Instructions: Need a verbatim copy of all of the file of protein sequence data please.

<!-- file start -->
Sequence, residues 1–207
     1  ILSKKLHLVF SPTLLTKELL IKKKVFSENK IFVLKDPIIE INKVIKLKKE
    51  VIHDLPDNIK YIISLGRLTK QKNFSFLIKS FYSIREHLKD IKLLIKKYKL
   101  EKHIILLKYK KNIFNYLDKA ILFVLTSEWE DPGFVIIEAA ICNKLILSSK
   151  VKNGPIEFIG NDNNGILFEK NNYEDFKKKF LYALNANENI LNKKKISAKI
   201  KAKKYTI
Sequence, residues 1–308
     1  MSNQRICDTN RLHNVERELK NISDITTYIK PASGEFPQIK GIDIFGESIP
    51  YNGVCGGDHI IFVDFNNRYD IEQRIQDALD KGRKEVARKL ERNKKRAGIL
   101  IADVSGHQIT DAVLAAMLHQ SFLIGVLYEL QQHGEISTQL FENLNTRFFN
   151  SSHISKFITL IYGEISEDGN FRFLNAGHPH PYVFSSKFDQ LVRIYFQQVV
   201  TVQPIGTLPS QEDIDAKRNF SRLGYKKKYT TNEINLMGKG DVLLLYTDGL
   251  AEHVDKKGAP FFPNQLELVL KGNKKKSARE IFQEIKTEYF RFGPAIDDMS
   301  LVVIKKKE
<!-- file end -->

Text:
Sequence, residues 1–207
     1  ILSKKLHLVF SPTLLTKELL IKKKVFSENK IFVLKDPIIE INKVIKLKKE
    51  VIHDLPDNIK YIISLGRLTK QKNFSFLIKS FYSIREHLKD IKLLIKKYKL
   101  EKHIILLKYK KNIFNYLDKA ILFVLTSEWE DPGFVIIEAA ICNKLILSSK
   151  VKNGPIEFIG NDNNGILFEK NNYEDFKKKF LYALNANENI LNKKKISAKI
   201  KAKKYTI
Sequence, residues 1–308
     1  MSNQRICDTN RLHNVERELK NISDITTYIK PASGEFPQIK GIDIFGESIP
    51  YNGVCGGDHI IFVDFNNRYD IEQRIQDALD KGRKEVARKL ERNKKRAGIL
   101  IADVSGHQIT DAVLAAMLHQ SFLIGVLYEL QQHGEISTQL FENLNTRFFN
   151  SSHISKFITL IYGEISEDGN FRFLNAGHPH PYVFSSKFDQ LVRIYFQQVV
   201  TVQPIGTLPS QEDIDAKRNF SRLGYKKKYT TNEINLMGKG DVLLLYTDGL
   251  AEHVDKKGAP FFPNQLELVL KGNKKKSARE IFQEIKTEYF RFGPAIDDMS
   301  LVVIKKKE